Eavesdropping on radio signals can not be prevented without considerable modifications to the buildings housing the networks. These shielding countermeasures are financially unattractive in comparison with other and by and large more effective protective methods. Using directed and focused signals like e.g. the long distance transmission systems used by telecom companies, is out of the question when talking shorthaul networks, for practical reasons.
Regardless of transmission method the question pops up, if it is possible for a person to gain unauthorised access to the wireless network by emulating an authorised computer belonging to the network, and using this to log in and gain access to network resources and data. It is also necessary to ask, whether it would be possible for an attacker to insert false data into the transmission paths, thereby corrupting data or even installing Trojan horses or computer viruses.
The answers to these question closely depend on the transmission techniques used by the individual manufacturer of the wireless networks, and the safety measures built into the design.
The most secure countermeasure would be not to use wireless network technology. Of course, this alternative is not realistic. It is also possible to wiretap normal networks using various wellknown methods, but this hardly leads to the conclusion that networks should be abolished.
Realistic protective measures include online encryption of data before transmitting these across the network. If a safe(!) encryption method is used the "listener on the wall" can of course listen to and record the traffic, but he cannot decode it. Nor can he encode false messages in such a way that these are correctly decoded and thus accepted by the system. In fact, encryption is the only safe and economically realistic method to use to safeguard wireless networks. Other methods may be used supplementarily, but none other can reach the efficiency and security of cryptographic methods, combined with controllable and reasonable costs.
A few things are mentioned in this article, which could be used to perform eavesdropping attacks on wireless networks. It should be stressed, however, that no readymade plug-and-play systems with these capabilities are commercially available. However, the components required to build such systems are readily available, and it is no serious problem for technically competent persons to combine these into eavesdropping devices that will work as described.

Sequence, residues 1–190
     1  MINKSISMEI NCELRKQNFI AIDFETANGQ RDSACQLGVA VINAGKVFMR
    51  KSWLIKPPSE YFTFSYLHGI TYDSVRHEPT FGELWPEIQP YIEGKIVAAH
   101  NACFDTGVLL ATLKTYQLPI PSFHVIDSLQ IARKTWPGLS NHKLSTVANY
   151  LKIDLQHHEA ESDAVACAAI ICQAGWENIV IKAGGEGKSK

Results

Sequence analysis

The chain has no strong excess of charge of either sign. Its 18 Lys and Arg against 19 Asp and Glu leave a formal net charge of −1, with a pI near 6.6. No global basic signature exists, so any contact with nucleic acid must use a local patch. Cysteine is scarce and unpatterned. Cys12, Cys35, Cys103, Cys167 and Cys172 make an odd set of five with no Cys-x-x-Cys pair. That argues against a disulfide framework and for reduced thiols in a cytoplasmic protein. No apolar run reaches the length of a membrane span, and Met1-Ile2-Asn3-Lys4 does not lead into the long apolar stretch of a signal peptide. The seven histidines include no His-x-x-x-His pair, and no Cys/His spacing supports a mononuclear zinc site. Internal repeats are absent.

Security factors play a very limited role in the sales literature furnished by suppliers of wireless networks, but are occasionally mentioned.
Thus, a supplier of an infrared type network writes: "The security of your data is guaranteed, because it is not possible to eavesdrop on infrared light."
Unfortunately, no proof of this rash claim is included. As clearly demonstrated this claim is untrue and misleading, so this type of guarantee could easily lead to serious product liability problems for the distributor of the product in question.
It has not been possible to test the security of the wireless network systems on the market, because no manufacturers or distributors of these products that we contacted, showed any interest in a project of this type, or indeed wished to support it by supplying equipment to test, etc. In one case a threat of legal action was even made, in case we were to publish any such test, or information of this nature.
Nevertheless all manufacturers and distributors claim that their products are secure. However, none of them are willing to explain the nature of this security, and how it is obtained.
The quick, flexible and uncomplicated installation speaks in favour of wireless networks, but as responsible for information security it is necessary to realise that this network technology brings with it new security problems that require new countermeasures.
Under no circumstances should a product be accepted as secure just because the manufacturer says so. There is plenty of evidence to the contrary.